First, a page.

Even My Fantasies Are Tired and Crazy

The oldest daughter is six. The youngest is one, and not the type to waste a perfectly good night sleeping. If a mother had two additional pregnancies between these girls producing a miscarriage and a four-year-old boy, how many years has it been since she felt well-rested?

The answer is seven. Seven freaking years. I’ve been so sleep-deprived for so long that even my fantasies are tired and crazy.

When a combination of drowsiness and alcohol unleashes my subconscious, I picture myself lying in a hospital bed, tubes and machines everywhere—though none touching my serene, gorgeously-proportioned body. “You didn’t, by chance, snap at her, did you sir?” the doctor asks my despondent husband. “Unfortunately this type of trauma is caused by a lack of appreciation for housework, compounded by being blamed for the unruliness children,” he continues, “only a regimen of massage and expensive cheese will save her now.”

My beloved nods eagerly: “Yes, doctor, yes. What else can I do?”

“For the best chance of recovery, you must ensure she sees the children only when they’ve been cleaned, fed, and disciplined by someone else. Keep it to groggy, cuddly times, like during pediatric illness. Though it may increase the risk of recurrence, it also is permissible for her to fraternize with them during high-gratitude events like Christmas and the Ice Capades.”

In another daydream, I stand in the kitchen after having picked the big two up from school. I reach for the Flintstones vitamins and vitamin D chewies, both Costco-sized bottles. Absentmindedly, my hand extends into the breadbox where I keep contraband: chocolate, cookies, vitamins—things kids are dying to access but prove dangerous if unfettered. I pull out a bottle, and unscrew the childproof top. I give each child one, then sneak another for myself; after all these years, I still prefer the purple chalky Barney to the orange Wilma or red Fred.

But wait! My mouth registers squishy gelcap, not hard and gritty. Oh dear. It seems I mistook my stark white bottle of Unisom sleeping pills, about the size of my big toe that time it got stung by a bee, with the massive colorful vitamin containers.

“Mommy,” my six-year-old sleepily asks, “can we skip dinner tonight? I want to go put on my jammies.”

“Yeah. I’m tired, Mama,” her brother adds.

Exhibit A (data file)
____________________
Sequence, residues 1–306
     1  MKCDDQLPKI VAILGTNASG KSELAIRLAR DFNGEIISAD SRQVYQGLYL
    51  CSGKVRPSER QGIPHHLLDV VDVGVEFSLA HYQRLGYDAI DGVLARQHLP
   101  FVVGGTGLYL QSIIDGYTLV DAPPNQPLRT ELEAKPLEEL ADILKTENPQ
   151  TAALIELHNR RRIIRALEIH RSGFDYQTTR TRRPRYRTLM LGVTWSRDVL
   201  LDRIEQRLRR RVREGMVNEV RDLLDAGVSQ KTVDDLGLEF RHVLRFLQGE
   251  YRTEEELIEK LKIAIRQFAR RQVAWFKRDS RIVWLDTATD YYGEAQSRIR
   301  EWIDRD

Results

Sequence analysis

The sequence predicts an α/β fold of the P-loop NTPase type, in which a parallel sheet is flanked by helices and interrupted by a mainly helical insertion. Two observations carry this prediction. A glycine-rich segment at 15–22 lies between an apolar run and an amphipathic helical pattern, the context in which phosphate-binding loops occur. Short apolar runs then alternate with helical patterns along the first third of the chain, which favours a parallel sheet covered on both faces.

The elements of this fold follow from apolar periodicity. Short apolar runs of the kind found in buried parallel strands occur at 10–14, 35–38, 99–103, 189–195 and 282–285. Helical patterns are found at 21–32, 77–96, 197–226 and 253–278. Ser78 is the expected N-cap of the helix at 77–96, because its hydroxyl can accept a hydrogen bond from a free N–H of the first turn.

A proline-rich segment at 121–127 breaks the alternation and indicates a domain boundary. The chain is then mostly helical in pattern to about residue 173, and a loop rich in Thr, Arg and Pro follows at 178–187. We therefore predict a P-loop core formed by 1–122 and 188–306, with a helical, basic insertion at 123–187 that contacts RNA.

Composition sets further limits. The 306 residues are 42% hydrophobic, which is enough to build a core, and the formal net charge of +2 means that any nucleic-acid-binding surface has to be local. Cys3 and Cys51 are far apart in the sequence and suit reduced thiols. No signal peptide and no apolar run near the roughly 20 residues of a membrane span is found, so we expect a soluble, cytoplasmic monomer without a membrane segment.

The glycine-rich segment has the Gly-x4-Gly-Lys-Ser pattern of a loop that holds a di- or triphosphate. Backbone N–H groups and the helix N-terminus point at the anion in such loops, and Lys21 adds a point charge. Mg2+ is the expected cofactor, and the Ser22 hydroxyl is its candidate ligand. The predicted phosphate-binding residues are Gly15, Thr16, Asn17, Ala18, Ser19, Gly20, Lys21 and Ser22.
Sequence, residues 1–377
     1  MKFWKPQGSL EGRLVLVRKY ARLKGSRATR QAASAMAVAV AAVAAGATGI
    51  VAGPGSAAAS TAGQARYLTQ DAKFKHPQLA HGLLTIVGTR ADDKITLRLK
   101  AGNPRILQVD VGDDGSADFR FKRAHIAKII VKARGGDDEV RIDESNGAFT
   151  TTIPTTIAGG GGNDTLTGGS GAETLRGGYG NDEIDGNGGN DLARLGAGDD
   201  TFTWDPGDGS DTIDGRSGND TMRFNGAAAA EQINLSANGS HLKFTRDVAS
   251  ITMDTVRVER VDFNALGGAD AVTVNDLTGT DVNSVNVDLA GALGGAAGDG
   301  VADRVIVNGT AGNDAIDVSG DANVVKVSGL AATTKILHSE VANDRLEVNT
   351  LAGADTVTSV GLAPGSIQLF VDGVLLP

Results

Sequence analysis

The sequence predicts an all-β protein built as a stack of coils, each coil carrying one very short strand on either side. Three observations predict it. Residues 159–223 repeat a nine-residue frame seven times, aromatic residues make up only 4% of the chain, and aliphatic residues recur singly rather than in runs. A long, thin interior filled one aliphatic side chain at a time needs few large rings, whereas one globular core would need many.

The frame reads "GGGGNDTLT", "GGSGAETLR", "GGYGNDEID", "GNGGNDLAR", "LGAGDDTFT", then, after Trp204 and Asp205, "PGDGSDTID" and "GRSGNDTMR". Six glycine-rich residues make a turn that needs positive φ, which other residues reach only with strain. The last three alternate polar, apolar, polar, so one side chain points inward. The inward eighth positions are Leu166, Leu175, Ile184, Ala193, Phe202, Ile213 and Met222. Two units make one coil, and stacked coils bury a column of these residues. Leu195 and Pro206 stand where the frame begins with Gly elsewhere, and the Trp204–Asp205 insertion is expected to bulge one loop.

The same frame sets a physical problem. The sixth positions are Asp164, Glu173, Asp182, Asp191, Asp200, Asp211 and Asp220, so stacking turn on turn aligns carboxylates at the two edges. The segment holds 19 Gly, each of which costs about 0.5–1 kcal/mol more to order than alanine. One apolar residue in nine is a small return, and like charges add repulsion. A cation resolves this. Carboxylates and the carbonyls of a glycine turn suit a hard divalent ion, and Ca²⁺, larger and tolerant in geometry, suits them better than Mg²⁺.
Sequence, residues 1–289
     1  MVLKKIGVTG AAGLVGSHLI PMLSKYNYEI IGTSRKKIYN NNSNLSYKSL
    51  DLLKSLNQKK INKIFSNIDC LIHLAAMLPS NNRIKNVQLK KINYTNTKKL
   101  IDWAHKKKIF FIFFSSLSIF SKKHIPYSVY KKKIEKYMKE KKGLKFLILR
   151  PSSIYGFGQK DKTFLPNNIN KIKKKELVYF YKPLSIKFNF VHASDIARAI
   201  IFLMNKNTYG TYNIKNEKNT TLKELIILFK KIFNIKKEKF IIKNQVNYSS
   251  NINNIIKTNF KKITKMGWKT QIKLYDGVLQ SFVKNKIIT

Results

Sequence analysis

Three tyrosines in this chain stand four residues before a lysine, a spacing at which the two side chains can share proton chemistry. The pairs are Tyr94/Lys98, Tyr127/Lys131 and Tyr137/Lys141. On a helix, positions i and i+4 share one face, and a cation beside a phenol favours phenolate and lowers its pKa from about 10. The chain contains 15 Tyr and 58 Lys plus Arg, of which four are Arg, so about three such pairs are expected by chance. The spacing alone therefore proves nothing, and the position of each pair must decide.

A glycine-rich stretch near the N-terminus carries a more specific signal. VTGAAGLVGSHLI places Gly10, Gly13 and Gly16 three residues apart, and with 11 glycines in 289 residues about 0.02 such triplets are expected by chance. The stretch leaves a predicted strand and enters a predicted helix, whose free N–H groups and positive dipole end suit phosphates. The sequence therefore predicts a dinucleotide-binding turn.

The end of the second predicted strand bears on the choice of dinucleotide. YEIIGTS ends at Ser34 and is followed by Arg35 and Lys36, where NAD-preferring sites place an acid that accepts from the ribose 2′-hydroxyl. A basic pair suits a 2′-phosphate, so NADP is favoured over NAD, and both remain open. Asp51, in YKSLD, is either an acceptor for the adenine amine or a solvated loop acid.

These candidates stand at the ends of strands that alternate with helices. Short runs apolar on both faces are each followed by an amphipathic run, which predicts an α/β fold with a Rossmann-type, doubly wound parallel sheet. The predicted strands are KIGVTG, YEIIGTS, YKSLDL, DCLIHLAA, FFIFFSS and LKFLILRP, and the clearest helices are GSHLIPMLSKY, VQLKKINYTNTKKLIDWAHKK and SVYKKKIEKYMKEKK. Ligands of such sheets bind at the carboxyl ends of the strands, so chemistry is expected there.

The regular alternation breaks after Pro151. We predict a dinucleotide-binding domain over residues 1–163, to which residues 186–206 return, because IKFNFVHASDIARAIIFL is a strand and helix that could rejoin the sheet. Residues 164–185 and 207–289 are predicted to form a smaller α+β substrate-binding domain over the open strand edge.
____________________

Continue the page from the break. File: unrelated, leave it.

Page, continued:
They climb out of their chairs, link arms like the adoring siblings in some retro musical like Chitty Chitty Bang Bang, and sing themselves a sweet lullaby as they disappear down the hall.

“Don’t you want a bath?” I call after them.

“No, Mommy, we just want to brush our teeth and use the bathroom one more time.”

“Are you sure you don’t need a few more stories?”

“No, we’ll read ourselves a short board book. That’s enough. We’re going to get in bed now, Mommy.”

“I can double-check the locks on the front door?”

“No, it’s totally safe in here. Goodnight. We love you, Mommy.”

“How about a glass of water?”

“Goodnight, Mommy.”

“One last snuggle? I could sit in your room for a while? Leave your door open a crack?”

“NO, Mommy. We’ll see you in the morning. GOODNIGHT.”

Of course I’ve been nursing the baby all this time, and the sleeping pill’s magic has gently floated through the blood-milk barrier to leave her eyelids closed, her angelic little mouth barely moving as if practicing future kisses.

The Unisom having robbed me of my will to fight the inevitable (and call poison control, apparently) I lay the little bug down in her crib. Yawning and stretching, I survey the house. No dinner to put away. No dishes to do. No floor to sweep. No bath towels to hang up. No books to reshelve.

After a solo trip to the bathroom, I slip into my softest pajamas that have plausible deniability in the “I still try” department: a stretchy top and bottom discreetly stamped “Betsy Johnson” and covered in black and fuchsia stripes. Feeling comfortable and looking as if I’ve escaped from sexy jail, I lift up my duvet and climb in. Cuddled up to the pregnancy pillow with which I still can’t bear to part despite my IUD, I peacefully drift off.

Approximately 4.32 minutes later, reality descends in the form of a wet, heavy-breathing four-year-old standing beside my bed, silently watching me, and the cries of the baby he awoke while departing from their bedroom. “I can’t find my binky, and I peed,” he says. Then the voice of my oldest rings out. “AND I’M NOT EVEN ASLEEP YET, BECAUSE IT SHOULD BE TOMORROW ALREADY AND I’M NOT TIRED AND I WANT TO READ.”

Goodnight, Mommy? More like, good luck.

But sweet dreams? Now that I can make happen.

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